Major changes to be made to National Hunt Chase Challenge Cup with new Mares’ Chase set to be added in 2021

Cheltenham Festival organizers have announced that major changes have been made to the National Hunt Chase, along with plans for a new Mares’ Chase, which will be added to the Festival schedule in 2021.

Amongst the most historic races in all of jumps racing, purists were adamant no change should be made to the National Hunt Challenge Cup. However, a quick look through the most recent editions of the race pours light on the dangers Cheltenham Festival’s four-miler poses to its entrants and it was clear something had to be done.

In the past decade, only 53% of novice chasers to take part in the National Hunt Chase have managed to finish the four-mile marathon, a percentage which has lessened significantly in the past two seasons, with just 10 of the 34 runners completing the course. One horse has tragically lost it’s life following in four of the past five years. While there may not have been a fatality in 2017, Edwulf had to be resuscitated on the track before making a miracle recovery.

The BHA have been under pressure to act in recent seasons, so it was no surprise when the announcement of major changes to the National Hunt Challenge Cup came on Monday afternoon.

30 furlongs of Cheltenham’s hallowed turf will now need to be crossed, a two-furlong reduction, cutting the number of fences jumped down to 23 from 25. Along with a shorter trip, stricter entry criteria have been put in place, both for the horse taking part and the jockeys enlisted to ride.

Only horses to have reached a rating in excess of 120 will be allowed to enter the National Hunt Chase. Entrants must have competed in at least two chases, at least one during the current season and horses will need to have secured a top-four finish in a chase over 23-and-a-half furlongs or further to gain entry.

While the race remains open to only amateur jockeys, those hoping to ride in the National Hunt Chase must have ridden in at least 20 races and achieved a minimum of five victories in races under rules – a new rule which excludes wins secured in point-to-point contests.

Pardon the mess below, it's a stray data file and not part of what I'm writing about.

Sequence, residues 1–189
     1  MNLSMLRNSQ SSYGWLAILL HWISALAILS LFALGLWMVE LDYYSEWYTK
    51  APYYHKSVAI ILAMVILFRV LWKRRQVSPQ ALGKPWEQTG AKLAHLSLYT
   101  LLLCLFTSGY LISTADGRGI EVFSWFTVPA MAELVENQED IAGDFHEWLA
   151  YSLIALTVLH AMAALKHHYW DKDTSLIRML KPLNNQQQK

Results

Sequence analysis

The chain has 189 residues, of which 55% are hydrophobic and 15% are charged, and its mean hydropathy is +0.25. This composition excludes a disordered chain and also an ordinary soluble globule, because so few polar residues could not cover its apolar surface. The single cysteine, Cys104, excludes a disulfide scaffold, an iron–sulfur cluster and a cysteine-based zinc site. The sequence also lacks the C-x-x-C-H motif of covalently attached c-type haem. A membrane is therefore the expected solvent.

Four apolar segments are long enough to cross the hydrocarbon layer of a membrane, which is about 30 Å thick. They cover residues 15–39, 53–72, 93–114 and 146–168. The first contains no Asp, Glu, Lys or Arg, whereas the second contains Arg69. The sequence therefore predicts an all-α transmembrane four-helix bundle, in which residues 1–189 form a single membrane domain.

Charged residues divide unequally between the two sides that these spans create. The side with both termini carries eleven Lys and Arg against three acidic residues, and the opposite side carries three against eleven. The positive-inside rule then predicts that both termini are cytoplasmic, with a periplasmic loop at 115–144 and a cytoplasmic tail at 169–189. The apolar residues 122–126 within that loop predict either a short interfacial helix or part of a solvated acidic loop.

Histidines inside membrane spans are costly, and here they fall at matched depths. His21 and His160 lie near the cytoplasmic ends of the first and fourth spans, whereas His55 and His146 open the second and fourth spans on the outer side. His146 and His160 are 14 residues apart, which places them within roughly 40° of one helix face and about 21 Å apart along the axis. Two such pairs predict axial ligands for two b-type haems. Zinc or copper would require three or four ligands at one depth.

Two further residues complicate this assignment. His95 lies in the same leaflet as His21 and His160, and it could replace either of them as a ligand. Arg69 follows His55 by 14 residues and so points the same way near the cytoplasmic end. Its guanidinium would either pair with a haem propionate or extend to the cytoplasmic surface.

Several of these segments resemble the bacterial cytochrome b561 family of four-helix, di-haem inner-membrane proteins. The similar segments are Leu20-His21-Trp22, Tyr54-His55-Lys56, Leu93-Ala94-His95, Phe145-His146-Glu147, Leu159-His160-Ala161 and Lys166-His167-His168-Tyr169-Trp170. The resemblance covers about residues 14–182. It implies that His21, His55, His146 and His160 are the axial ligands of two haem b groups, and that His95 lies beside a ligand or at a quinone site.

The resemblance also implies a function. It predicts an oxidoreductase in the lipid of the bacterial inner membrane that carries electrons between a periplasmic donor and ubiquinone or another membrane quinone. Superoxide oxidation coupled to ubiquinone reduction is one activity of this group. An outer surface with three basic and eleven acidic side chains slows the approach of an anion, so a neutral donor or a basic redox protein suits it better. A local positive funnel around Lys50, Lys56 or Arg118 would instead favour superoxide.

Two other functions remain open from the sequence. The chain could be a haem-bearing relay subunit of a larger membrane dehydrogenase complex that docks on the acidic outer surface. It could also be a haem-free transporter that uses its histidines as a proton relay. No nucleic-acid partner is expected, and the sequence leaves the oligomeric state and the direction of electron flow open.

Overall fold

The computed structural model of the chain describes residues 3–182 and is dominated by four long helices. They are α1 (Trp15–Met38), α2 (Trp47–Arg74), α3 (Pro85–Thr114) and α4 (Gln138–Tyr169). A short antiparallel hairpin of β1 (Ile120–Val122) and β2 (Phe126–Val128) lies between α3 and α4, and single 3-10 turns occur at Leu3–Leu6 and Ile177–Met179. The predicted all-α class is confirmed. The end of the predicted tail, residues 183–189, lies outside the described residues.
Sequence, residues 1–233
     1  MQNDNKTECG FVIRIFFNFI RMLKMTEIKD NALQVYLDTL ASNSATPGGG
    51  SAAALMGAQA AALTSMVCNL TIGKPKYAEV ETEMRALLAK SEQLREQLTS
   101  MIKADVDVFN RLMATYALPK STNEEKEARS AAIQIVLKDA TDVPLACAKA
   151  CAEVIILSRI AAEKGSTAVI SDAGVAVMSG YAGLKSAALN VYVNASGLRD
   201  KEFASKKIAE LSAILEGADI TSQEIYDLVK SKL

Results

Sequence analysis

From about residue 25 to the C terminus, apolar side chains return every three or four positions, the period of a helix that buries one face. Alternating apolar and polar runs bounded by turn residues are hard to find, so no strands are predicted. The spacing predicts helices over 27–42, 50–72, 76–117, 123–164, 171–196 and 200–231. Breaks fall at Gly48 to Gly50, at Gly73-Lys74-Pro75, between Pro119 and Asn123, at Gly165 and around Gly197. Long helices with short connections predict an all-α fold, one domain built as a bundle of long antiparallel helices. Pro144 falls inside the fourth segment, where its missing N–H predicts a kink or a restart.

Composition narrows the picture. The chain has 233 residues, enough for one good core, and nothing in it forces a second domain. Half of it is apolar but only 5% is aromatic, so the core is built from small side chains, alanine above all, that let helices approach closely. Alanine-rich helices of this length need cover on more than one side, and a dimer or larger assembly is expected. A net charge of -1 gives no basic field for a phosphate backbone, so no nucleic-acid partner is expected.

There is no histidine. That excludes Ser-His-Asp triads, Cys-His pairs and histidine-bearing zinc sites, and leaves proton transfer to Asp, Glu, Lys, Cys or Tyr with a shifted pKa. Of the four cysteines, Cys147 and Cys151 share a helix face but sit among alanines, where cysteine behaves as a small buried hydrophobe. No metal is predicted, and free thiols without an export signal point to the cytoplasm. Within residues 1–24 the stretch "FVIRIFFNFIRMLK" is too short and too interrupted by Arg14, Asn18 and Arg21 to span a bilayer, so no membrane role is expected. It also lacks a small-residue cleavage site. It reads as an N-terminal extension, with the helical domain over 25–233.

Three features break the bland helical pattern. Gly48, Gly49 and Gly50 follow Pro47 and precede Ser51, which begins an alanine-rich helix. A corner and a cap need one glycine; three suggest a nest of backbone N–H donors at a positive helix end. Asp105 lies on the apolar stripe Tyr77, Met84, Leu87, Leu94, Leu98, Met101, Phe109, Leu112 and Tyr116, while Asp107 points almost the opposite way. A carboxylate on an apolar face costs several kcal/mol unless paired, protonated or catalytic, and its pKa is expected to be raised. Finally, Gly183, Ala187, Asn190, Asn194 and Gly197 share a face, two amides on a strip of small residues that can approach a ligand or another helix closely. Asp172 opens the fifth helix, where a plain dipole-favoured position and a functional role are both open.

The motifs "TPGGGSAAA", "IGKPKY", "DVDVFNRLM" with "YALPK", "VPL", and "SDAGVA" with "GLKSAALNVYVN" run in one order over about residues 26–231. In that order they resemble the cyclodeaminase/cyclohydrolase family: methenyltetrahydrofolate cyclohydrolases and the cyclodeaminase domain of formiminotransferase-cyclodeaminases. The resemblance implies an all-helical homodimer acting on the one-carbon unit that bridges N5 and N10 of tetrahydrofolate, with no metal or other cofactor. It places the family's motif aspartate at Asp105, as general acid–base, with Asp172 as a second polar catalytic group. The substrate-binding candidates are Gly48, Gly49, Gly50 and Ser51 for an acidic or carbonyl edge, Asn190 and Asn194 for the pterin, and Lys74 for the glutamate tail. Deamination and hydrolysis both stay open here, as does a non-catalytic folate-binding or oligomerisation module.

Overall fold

These changes have been received very positively on the whole, with top amateur jockeys, Sam Waley-Cohen and Jamie Codd praising the BHA’s actions. Derek O’Connor – a two-time National Hunt Chase winner and representative for the Irish Amateur Jockeys Association – gave his reaction to the Racing Post yesterday.

“The National Hunt Chase is one of the races you dream about winning when you become an amateur jockey, it’s one of the pinnacles of our season,” O’Connor said.

“The changes that have been made may mean some riders have to get more experience than they would previously, but that’s no bad thing and overall the new requirements look pretty fair.”

Along with the news of changes to the National Hunt Chase, the BHA also announced that a new Mares’ Chase would be added to the Cheltenham schedule in 2021.

Ian Renton of the BHA stated on Monday that a Grade Two Mares’ Chase at the Cheltenham Festival would “would bolster the extensive work which has been put into enhancing the mares’ chase programme” and the addition of the race would be for the “greater good of racing”.

This imminent addition means one of the current 28 races would need to be eliminated from the Festival. The Close Brother’s Handicap Chase for novices, the Cross Country Chase and, incomprehensibly, the Mares’ Hurdle have all been mentioned as possible makeweights. As has the Fred Winter Juvenile Handicap Hurdle which, to me, seems the most obvious race to replace.

From a business point of view, it would make perfect sense. The Fred Winter ranks amongst the worst races at the meeting when it comes to betting turnover and often proves to be a complete minefield for punters.

This handicap currently offers juveniles, who were not deemed good enough to run in the Triumph Hurdle, a chance to gain some valuable Cheltenham Festival experience. There are more than enough options for handicap hurdlers as it is and there’s nothing to stop juveniles from entering either the County Hurdle, the Coral Cup or the Martin Pipe, a race that is open solely to first-season hurdlers.

Removing the Fred Winter could also encourage more trainers to throw their best juveniles into the Supreme as Joseph O’Brien did with Fakir D’Oudairies this season. A slot on Ladies’ Day would be the perfect place for a high-quality Mares’ Chase at Cheltenham. The Fred Winter has got to go!